Webcam interview sessions have become more and more common in recent years. Employers choose to interview potential candidates over the webcam for a variety of reasons with convenience topping the list.
As job environments go global, more and more businesses are starting to source employees and independent contractors from different cities, states or even countries. This is the case for both contractual employment and w2 jobs, and has resulted in a revolution in interview techniques.
Webcam job interviews offer a convenient and cost-effective option for employers who have to interview multiple candidates scattered across a state or region. As such, webcam interview skills have become an essential item in many candidates’ job search arsenal. Here are some effective tips to help you handle any video job interview.
Ensure an Appropriate Environment
The right environment is critical to ensuring a successful webcam based job interview. Make sure you set up the equipment in an area that is free from any loud ambient noise. Avoid family rooms or those with windows that look onto a high traffic area.
It’s a good idea to set aside a space for the interview beforehand. Schedule the interview for when any kids are at school. Or ask a friend or family member to take them for the morning or evening. Pets also need to be contained so that they don’t wander into the frame or the room during the interview. If you have a dog prone to barking or a cat that had a habit of meowing for attention, ask a helpful friend or family member to take them outside.
Take the time to clean up the background. Remove any inappropriate or personal items from the frame. You might have a passion for chick lit or a tendency to let the laundry pile up over the week. There is no need to let your interviewers view evidence of these traits. It’s also a good idea to remove any colorful or distracting objects that can draw the interviewer’s attention away from you.
Make a final check of your surroundings an hour or so before the interview. Switch off your cell phone at this point and also mute the ringer on any land phones near you.
Dress Formally and Appropriately
Unless specifically informed otherwise, dress as you would for a regular interview. Dark colored clothes look better on camera. Men can wear dark formal suits with sober ties and light shirts. Women can opt for dark pantsuits. Avoid too much skin show, including plunging necklines or high hemlines (if you are wearing a skirt or dress). Too much or too flashy jewelry is also a no-no. Do not forget to wear an appropriate set of footwear. Accidental camera angle changes can show up bare or inappropriately clad feet.
Finally, always be truthful in your statements. It’s very easy for employees to check things like your exact compensation at your previous job, especially in w2 jobs. Avoid making false statements as these will be seen as a serious breach by the hiring panel.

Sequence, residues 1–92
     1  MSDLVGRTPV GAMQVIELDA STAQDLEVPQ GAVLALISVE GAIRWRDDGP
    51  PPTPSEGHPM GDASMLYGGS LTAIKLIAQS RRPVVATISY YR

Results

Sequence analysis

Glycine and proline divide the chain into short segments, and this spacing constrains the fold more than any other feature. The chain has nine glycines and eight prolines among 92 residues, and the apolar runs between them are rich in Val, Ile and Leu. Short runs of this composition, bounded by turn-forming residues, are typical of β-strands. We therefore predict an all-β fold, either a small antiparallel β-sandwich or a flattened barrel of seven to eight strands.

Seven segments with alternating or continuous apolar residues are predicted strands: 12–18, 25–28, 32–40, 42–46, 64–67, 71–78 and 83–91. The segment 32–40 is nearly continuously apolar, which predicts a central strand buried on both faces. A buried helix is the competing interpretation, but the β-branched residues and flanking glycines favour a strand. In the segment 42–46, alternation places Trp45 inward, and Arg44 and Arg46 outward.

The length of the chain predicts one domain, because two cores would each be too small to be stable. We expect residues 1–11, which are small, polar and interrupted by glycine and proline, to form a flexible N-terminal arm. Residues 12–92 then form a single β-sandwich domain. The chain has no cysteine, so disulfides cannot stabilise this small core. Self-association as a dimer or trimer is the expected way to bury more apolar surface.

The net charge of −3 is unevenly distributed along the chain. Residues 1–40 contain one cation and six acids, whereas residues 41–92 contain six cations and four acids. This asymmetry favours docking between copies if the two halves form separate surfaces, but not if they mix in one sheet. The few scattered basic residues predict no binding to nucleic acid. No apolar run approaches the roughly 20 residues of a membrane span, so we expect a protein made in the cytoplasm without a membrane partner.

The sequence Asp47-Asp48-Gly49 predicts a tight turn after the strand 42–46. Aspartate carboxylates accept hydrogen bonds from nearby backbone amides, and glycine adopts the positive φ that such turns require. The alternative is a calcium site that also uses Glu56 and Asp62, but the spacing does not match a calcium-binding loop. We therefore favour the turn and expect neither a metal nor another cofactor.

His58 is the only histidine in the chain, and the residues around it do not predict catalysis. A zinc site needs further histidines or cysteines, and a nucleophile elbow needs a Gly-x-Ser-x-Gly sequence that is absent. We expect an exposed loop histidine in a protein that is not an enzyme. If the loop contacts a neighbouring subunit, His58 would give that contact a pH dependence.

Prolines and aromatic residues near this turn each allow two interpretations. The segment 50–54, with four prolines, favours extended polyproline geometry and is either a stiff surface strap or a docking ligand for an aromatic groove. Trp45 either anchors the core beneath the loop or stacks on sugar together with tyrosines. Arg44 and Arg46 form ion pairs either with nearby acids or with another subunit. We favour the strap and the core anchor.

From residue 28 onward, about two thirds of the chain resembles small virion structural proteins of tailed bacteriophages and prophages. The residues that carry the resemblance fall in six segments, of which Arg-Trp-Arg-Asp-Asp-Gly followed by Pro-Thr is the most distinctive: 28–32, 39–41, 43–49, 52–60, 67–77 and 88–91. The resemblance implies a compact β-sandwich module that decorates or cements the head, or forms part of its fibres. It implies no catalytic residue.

Four-time GRAMMY-winning jazz bassist Christian McBride can be likened to a force of nature, fusing the fire and fury of a virtuoso with the depth and grounding of a seasoned journeyman. Powered by a relentless energy and a boundless love of swing, McBrides path has described a continuous positive arc since his arrival on the scene. With a career now blazing into its third decade, the Philadelphia native has become one of the most requested, most recorded, and most respected figures in the music world today.Raised in a city steeped in soul, McBride moved to New York in 1989 to pursue classical studies at the Juilliard School. There he was promptly recruited to the road by saxophonist Bobby Watson. Call it a change in curriculum: a decades worth of study through hundreds of recording sessions and countless gigs with an ever-expanding circle of musicians. He was finding his voice, and others were learning to listen for it.In 2000 the lessons of the road came together in the formation of what would become his longest-running project, the Christian McBride Band. Praised by writer Alan Leeds as "one of the most intoxicating, least predictable bands on the scene today," the CMBsaxophonist Ron Blake, keyboardist Geoffrey Keezer, and drummer Terreon Gullyhave been collectively evolving McBride's all-inclusive, forward-thinking outlook on music through their incendiary live shows, as chronicled on 2006s Live at Tonic. Part excursion, part education, the CMB is a vehicle built on a framework of experience and powered by unfettered creativity: a mesmerizing dance on the edge of an electro-acoustic fault line.In 2009 McBride began focusing this same energy through a more traditional lens with the debut of his critically-acclaimed Inside Straight quintet, and again with the Christian McBride Big Band, whose 2012 release The Good Feeling won the GRAMMY for Best Large Ensemble Jazz Album. As his career entered its third decade, McBride added the role of mentor, tapping rising stars pianist Christian Sands and drummer Ulysses Owens, Jr. for the Christian McBride Trios GRAMMY-nominated album Out Here.He is also a respected educator and advocate, first noted in 1997 when he spoke on former President Bill Clinton's town hall meeting "Racism in the Performing Arts." He has since been named Artistic Director of the Jazz Aspen Snowmass Summer Sessions (2000), co-director of the National Jazz Museum in Harlem (2005), and the Second Creative Chair for Jazz of the Los Angeles Philharmonic Association (2005).In 1998 he combined roles, composing "The Movement, Revisited," a four-movement suite dedicated to four of the major figures of the civil rights movement: Rosa Parks, Malcolm X, Muhammad Ali and Dr. Martin Luther King, Jr. The piece was commissioned by the Portland (ME) Arts Society and the National Endowment for the Arts, and performed throughout New England in the fall of 1998 with McBride's quartet and a 30-piece gospel choir. For its tenth anniversary, "The Movement, Revisited" was expanded, rewritten, and revamped to feature an 18-piece big band and four actors/speakers in addition to the gospel choir. It was performed in Los Angeles at Walt Disney Concert Hall, and praised by the Los Angeles Times as "a work that was admirableto paraphrase Dr. Kingfor both the content of its music and the character of its message."Currently he hosts and produces The Lowdown: Conversations With Christian on SiriusXM satellite radio and National Public Radios Jazz Night in America, a weekly radio show and multimedia collaboration between WBGO, NPR and Jazz at Lincoln Center, showcasing outstanding live jazz from across the country. With his staggering body of work, McBride is the ideal host, drawing on history, experience, and a gift for storytelling to bridge the gap between artist, music, and audience. He brings that same breadth of experience to bear as Artistic Advisor for Jazz Programming at the New Jersey Performing Arts Center (NJPAC).Completing the circle is his work with Jazz House Kids, the nationally recognized community arts organization founded by his wife, vocalist Melissa Walker. Exclusively dedicated to educating children through jazz, the Jazz House concept brings internationally renowned jazz performers to teach alongside a professional staff, offering students a wide range of creative programming that develops musical potential, enhances leadership skills, and strengthens academic performance. This shared celebration of Americas original musical art form cultivates tomorrows community leaders and global citizens while preserving its rich legacy for future generations.Whether behind the bass or away from it, Christian McBride is always of the music. From jazz (Freddie Hubbard, Sonny Rollins, J.J. Johnson, Ray Brown, Milt Jackson, McCoy Tyner, Roy Haynes, Chick Corea, Herbie Hancock, Pat Metheny, to R&B (Isaac Hayes, Chaka Khan, Natalie Cole, Lalah Hathaway, and the one and only Godfather of Soul himself, James Brown) to pop/rock (Sting, Paul McCartney, Carly Simon, Don Henley, Bruce Hornsby) to hip-hop/neo-soul (The Roots, D'Angelo, Queen Latifah) to classical (Kathleen Battle, Edgar Meyer, Shanghai Quartet, Sonus Quartet), he is a luminary with one hand ever reaching for new heights, and the other extended in fellowshipand perhaps the hint of a challengeinviting us to join him.